Marino, F and Cosentino, M (2013) Adrenergic modulation of immune cells: an update. Amino Acids 45, 5571.
Milaneschi, Y, Lamers, F, Peyrot, WJ, Baune, BT, Breen, G, Dehghan, A, Forstner, AJ, Grabe, HJ, Homuth, G, Kan, C, Lewis, C, Mullins, N, Nauck, M, Pistis, G, Preisig, M, Rivera, M, Rietschel, M, Streit, F, Strohmaier, J, Teumer, A, Van der Auwera, S, Wray, NR, Boomsma, DI, Penninx, BWJH and CHARGE Inflammation Working Group and the Major Depressive Disorder Working Group of the Psychiatric Genomics Consortium (2017) Genetic association of major depression with atypical features and obesity-related immunometabolic dysregulations. JAMA Psychiatry 74, 12141225.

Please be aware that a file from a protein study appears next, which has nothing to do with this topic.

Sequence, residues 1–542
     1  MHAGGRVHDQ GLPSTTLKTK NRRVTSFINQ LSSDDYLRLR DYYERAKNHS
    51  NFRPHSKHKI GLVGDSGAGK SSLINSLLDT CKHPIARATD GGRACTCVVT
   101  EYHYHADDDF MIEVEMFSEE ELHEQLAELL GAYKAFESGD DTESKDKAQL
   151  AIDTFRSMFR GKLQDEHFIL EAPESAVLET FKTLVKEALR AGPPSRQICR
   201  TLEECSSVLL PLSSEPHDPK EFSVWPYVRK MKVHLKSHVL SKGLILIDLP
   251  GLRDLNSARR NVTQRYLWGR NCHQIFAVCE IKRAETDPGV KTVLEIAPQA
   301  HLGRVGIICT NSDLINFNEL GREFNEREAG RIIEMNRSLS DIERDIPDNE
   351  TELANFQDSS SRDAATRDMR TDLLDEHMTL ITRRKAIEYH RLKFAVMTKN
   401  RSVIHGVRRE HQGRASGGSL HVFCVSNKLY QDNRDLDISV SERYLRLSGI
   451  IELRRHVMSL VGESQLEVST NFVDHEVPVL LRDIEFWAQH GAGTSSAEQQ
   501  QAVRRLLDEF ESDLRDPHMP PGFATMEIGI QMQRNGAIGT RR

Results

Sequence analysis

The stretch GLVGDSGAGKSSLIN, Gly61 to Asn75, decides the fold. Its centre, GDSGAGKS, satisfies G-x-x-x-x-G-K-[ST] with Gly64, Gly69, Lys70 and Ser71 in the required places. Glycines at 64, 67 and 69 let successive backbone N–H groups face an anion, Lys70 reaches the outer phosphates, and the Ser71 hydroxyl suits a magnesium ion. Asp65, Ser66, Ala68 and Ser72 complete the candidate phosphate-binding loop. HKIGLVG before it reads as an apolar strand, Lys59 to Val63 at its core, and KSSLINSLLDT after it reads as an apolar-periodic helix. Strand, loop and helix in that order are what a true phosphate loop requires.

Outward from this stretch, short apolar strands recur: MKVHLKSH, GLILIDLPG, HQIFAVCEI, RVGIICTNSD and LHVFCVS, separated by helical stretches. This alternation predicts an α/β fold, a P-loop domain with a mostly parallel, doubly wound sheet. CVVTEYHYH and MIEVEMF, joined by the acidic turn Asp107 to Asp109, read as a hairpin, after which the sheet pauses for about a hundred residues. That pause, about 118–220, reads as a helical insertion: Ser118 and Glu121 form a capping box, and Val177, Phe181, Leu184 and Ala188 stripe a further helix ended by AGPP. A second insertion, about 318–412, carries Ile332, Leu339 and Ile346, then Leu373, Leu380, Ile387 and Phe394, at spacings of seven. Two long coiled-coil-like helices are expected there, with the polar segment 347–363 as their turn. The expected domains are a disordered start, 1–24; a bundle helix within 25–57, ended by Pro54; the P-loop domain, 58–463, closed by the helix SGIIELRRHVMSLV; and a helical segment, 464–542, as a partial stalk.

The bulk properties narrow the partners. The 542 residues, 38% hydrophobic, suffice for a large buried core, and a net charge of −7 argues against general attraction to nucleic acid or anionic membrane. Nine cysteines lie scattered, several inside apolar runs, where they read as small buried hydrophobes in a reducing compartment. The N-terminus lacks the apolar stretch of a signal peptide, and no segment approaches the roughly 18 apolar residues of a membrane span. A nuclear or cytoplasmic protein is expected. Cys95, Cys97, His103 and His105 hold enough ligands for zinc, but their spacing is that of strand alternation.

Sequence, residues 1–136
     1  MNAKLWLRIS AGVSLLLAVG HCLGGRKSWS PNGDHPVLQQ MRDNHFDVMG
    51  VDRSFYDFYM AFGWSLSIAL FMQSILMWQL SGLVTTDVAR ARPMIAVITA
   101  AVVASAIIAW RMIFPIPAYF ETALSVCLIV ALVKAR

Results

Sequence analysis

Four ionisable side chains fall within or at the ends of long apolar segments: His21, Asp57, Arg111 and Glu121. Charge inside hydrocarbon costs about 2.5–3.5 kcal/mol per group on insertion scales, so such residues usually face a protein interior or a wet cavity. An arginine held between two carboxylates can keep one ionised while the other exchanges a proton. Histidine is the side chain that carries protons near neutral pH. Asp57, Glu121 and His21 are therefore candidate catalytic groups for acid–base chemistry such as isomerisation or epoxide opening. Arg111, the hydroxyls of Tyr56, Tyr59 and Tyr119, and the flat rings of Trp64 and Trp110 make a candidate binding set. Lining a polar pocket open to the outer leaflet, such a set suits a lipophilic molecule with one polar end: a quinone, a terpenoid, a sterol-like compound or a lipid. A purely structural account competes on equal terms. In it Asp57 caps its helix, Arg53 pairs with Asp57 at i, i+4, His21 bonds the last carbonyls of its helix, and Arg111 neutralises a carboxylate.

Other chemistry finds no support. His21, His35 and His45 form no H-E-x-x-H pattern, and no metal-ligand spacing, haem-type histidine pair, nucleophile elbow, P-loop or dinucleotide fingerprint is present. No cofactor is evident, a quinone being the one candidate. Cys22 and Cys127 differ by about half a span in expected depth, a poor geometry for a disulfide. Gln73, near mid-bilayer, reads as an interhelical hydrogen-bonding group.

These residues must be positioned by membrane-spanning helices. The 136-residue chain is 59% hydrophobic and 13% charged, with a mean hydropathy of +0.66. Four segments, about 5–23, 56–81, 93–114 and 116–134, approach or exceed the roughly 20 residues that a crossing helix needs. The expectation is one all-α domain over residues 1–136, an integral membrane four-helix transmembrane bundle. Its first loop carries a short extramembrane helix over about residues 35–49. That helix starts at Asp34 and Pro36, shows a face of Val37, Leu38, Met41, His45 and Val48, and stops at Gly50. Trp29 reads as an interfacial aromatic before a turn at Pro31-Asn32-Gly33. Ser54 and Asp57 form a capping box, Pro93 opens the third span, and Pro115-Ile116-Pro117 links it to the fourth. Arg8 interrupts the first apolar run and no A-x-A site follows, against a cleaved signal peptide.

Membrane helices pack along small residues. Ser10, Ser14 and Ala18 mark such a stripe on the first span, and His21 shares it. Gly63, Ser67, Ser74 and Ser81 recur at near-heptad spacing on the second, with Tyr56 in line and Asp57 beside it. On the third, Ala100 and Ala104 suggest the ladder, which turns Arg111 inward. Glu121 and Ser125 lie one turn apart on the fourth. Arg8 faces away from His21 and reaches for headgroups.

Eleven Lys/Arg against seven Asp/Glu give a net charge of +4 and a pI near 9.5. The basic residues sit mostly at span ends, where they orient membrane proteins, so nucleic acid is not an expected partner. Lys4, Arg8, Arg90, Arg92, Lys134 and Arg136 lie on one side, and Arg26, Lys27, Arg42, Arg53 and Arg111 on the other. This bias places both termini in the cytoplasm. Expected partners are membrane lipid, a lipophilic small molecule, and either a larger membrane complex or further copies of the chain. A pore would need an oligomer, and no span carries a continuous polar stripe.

Pinoli, M, Marino, F and Cosentino, M (2017) Dopaminergic regulation of innate immunity: a review. Journal of Neuroimmune Pharmacology 12, 602623.
Thaler, B, Hohensinner, PJ, Krychtiuk, KA, Matzneller, P, Koller, L, Brekalo, M, Maurer, G, Huber, K, Zeitlinger, M, Jilma, B, Wojta, J and Speidl, WS (2016) Differential in vivo activation of monocyte subsets during low-grade inflammation through experimental endotoxemia in humans. Scientific Reports 6, 30162.
Wong, KL, Yeap, WH, Tai, JJ, Ong, SM, Dang, TM and Wong, SC (2012) The three human monocyte subsets: implications for health and disease. Immunologic Research 53, 4157.
Zhang, HX, Xu, YQ, Li, YY, Lu, MF, Shi, SX, Ji, JL and Wang, LW (2018) Difference in proinflammatory cytokines produced by monocytes between patients with major depressive disorder and healthy controls. Journal of Affective Disorders 234, 305310.